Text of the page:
Sometimes cylinders have a gouge so deep that it will not clean up when the cylinder is re bored to the maximum size. This could happen if the piston pin moved endways and rubbed on the cylinder wall. Cylinder blocks with deep gouges may be able to be salvaged by sleeving the cylinder. The cylinder wall thickness has to be checked to see if sleeving is possible. Sleeving a cylinder is done by boring the cylinder to a dimension that is greatly oversize to almost match the outside diameter of the cylinder sleeve. The sleeve is pressed into the rebored block and then the center of the sleeve is bored to the diameter required by the piston. The cylinder can be sized to use a standard-size piston when it is sleeved. ● SEE FIGURE 10.
Fig.10 A dry cylinder sleeve can also be installed in a cast-iron block to repair a worn or cracked cylinder.
It is important to have the proper surface finish on the cylinder wall for the rings to seat against. Honing includes two basic operations depending on the application.
1. When installing new piston rings on a cylinder that is not being bored, some ring manufacturers recommend breaking the hard surface glaze on the cylinder wall with a hone before installing new piston rings. This process is often called “deglazing” the cylinder walls.
2. The cylinder wall should be honed to straighten the cylinder when the wall is wavy or scuffed. If honing is being done with the crankshaft remaining in the block, the crankshaft should be protected to keep honing chips from getting on the shaft.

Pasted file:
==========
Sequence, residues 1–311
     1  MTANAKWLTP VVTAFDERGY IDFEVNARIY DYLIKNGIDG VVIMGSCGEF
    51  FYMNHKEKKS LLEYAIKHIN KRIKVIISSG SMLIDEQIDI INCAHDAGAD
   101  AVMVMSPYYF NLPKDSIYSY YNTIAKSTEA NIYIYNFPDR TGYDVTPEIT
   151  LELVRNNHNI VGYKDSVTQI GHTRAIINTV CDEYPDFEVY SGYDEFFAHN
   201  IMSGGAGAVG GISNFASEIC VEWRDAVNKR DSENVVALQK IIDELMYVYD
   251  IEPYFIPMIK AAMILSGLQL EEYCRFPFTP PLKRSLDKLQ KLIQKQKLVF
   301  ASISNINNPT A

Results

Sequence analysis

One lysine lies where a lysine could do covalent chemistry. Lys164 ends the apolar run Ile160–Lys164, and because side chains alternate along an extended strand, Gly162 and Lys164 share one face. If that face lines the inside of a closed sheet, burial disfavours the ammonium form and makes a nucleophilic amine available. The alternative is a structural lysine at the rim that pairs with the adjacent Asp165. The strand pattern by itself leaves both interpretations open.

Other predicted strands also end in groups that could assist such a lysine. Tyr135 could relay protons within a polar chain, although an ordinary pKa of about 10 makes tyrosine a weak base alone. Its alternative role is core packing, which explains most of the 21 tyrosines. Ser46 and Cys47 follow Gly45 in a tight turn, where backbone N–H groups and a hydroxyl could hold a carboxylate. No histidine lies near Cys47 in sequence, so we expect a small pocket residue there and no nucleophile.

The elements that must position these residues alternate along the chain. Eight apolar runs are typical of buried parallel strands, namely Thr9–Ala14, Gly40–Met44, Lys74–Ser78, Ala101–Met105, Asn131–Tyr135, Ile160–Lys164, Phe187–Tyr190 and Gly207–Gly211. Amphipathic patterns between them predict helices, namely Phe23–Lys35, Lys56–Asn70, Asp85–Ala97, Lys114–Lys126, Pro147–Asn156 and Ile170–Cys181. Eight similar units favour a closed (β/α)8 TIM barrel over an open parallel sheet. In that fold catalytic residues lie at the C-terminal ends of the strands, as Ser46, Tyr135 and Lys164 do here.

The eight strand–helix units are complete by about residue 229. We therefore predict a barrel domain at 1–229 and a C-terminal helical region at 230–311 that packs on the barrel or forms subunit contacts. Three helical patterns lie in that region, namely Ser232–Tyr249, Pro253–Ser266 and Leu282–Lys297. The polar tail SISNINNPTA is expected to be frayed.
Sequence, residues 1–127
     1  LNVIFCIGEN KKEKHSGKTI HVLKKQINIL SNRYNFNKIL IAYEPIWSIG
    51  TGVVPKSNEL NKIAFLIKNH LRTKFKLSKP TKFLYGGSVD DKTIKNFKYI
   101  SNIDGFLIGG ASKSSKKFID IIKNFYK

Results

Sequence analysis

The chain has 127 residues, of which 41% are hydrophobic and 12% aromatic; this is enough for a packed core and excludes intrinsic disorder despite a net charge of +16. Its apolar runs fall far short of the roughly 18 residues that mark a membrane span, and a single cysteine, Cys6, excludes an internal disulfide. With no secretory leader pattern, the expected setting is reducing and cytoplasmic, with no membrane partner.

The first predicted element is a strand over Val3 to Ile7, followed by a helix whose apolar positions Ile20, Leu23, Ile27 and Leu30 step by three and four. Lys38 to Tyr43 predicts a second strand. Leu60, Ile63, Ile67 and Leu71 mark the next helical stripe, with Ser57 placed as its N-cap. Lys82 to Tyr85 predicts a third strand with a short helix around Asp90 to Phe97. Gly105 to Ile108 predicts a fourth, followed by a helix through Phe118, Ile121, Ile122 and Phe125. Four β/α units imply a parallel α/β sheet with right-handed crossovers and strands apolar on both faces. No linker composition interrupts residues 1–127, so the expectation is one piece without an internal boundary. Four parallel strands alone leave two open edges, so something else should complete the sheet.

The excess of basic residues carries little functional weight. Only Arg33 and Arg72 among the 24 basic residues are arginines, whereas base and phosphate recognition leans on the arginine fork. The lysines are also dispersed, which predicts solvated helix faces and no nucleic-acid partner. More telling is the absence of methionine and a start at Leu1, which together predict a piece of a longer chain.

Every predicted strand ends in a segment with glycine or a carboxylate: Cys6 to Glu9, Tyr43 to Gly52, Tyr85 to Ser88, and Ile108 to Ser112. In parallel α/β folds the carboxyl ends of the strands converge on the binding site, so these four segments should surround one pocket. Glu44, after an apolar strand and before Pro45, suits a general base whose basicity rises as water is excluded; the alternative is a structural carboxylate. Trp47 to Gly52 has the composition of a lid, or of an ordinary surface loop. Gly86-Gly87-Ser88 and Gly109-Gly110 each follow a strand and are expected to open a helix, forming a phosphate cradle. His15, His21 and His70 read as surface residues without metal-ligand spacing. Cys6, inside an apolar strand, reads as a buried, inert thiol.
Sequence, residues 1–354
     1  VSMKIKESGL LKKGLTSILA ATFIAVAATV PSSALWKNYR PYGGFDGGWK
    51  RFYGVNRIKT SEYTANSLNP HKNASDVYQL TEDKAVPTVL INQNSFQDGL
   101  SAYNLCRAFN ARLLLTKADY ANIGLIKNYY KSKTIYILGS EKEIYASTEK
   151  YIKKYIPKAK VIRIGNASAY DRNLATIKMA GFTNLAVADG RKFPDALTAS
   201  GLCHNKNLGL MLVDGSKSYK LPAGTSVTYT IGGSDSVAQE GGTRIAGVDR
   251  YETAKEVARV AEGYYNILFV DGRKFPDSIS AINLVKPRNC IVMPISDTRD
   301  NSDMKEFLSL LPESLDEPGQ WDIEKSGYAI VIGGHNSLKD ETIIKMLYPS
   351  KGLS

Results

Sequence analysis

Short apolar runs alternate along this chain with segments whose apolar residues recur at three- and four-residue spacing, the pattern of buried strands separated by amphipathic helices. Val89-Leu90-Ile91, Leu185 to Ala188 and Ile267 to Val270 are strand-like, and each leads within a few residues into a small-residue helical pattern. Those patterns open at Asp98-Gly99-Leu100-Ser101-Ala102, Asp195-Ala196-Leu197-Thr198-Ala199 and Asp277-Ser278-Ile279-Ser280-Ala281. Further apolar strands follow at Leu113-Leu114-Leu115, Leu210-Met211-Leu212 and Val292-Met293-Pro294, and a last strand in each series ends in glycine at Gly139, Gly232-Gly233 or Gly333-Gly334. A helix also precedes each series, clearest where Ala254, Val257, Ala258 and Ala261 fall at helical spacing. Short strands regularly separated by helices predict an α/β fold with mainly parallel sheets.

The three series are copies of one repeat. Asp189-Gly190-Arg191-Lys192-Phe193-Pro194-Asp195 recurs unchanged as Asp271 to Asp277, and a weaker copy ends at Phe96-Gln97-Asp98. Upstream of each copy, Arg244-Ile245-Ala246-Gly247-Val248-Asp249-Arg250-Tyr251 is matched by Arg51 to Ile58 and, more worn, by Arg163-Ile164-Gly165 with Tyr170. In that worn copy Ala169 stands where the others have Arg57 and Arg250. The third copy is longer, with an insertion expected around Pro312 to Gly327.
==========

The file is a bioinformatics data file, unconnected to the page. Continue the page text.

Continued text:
Two types of hones are used for cylinder service.
■ A deglazing hone removes the hard surface glaze remaining in the cylinder. It is a flexible hone that follows the shape of the cylinder wall, even when the wall is wavy. It cannot be used to straighten the cylinder. A brush-type (ball-type) deglazing hone is shown in ● FIGURE 11.
Fig.11 An assortment of ball-type deglazing hones. This type of hone does not straighten wavy cylinder walls.
■ A sizing hone can be used to straighten the cylinder and to provide a suitable surface for the piston rings. Honing the cylinder removes the fractured metal that is created by boring. The cylinders must be honed a minimum of 0.002 inch (0.05 mm) after boring to cut below the rough surface and provide an adequate finish. Honing leaves a plateau surface that can support the oil film for the rings and piston skirt. This plateau surface is achieved by first using a coarse stone followed by a smooth stone to achieve the desired surface. The process of using a course and fine stone is called plateau honing. ● SEE FIGURE 12.
Fig.12 After boring, the cylinder surface is rough, pitted, and fractured to a depth of about 0.001 inch.
Its honing stones are held in a rigid fixture with an expanding mechanism to control the size of the hone. The sizing hone can be used to straighten the cylinder taper by honing the lower cylinder diameter more than the upper diameter.
As it rotates, the sizing hone only cuts the high spots so that cylinder out of round is also reduced. The cylinder wall surface finish is about the same when the cylinder is refinished with either type of hone. ● SEE FIGURE 13.
Fig.13 Honing enlarges the cylinder bore to the final size and leaves a plateau surface finish that retains oil.
The hone is stroked up and down in the cylinder as it rotates to produce a crosshatch finish on the cylinder, wall which aides in proper ring break-in. The speed that the operator moves the hone up and down controls the angle. Always check service information for the specified crosshatch angle.